Even within this pattern, there's some irritating repetition. When people ask you to do favors, you generally have to go back through an area you just explored and talk to everyone a second time. Quests should lead you to new areas, not force you to retread old ones. The same could be said of sequels.
At least the game isn't entirely linear, featuring an open map with lots of side-quests (basically one for each character). The kung-fu cat, for example, gets coins for dispatching enemies a certain way and can use those to fund his Kung-Fu movie. If you get enough coins, you'll battle a movie villain as the cat, and then learn a cool new power. Every character has something like this, and their quests lead to lots of boss battles apart from the main story line.
In Covenant, dungeons were especially problematic because there was no map – you'd take a wrong turn and have to go through three random battles before you got back on the right track. This problem has been solved in From the New World as you now have an extremely helpful map showing a dungeon's layout, doors and save points.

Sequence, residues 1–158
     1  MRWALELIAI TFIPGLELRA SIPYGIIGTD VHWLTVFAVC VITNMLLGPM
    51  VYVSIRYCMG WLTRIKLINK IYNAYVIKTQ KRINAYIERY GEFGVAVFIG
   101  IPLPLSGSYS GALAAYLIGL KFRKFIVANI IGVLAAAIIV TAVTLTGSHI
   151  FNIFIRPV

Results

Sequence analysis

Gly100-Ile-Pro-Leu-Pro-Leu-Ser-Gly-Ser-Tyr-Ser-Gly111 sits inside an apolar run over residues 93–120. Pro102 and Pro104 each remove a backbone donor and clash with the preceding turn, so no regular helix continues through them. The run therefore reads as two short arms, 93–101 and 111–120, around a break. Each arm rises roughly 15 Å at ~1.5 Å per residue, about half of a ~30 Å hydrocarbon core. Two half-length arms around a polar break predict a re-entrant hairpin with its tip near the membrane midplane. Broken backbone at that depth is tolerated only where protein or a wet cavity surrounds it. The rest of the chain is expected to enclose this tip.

But that doesn't make the random battles you do encounter any less tedious. Every dungeon is thick with these unavoidable, archaic irritants, but thin on monster types; most only feature three. After a couple hours and twenty identical fights, it's easy to get into autopilot mode. The game is liberally sprinkled with save points, but it's easy to get into a lull where you aren't saving all the time – after all, nothing you're coming up against is even getting the chance to attack.
Until, that is, you run into a boss. Aside from the wacky characters, the insane boss fights are the best part of the game. They're long, hard, tense and ultimately rewarding as long as you're prepared for them. But since you have to trudge through random fights to get there, it's easy to enter a boss fight woefully unprepared. A save calamity can terminally injure your interest in this game.
Though to be fair, the nifty judgment ring and beefed up combat system make it plenty interesting. Every time you attack, a blue line moves around a dial; press X when the blue line is in a hit zone and you'll likely deal damage. You can customize the speed at which the line moves, the size of the zones, and even the number of zones. This ring system is also used when shopping (hit the zones and you get a discount) and an in-game lottery (hit a zone for a prize). Still, it would have been nice to see From the New World take the ring system in interesting new directions, especially considering the changes that were made instead.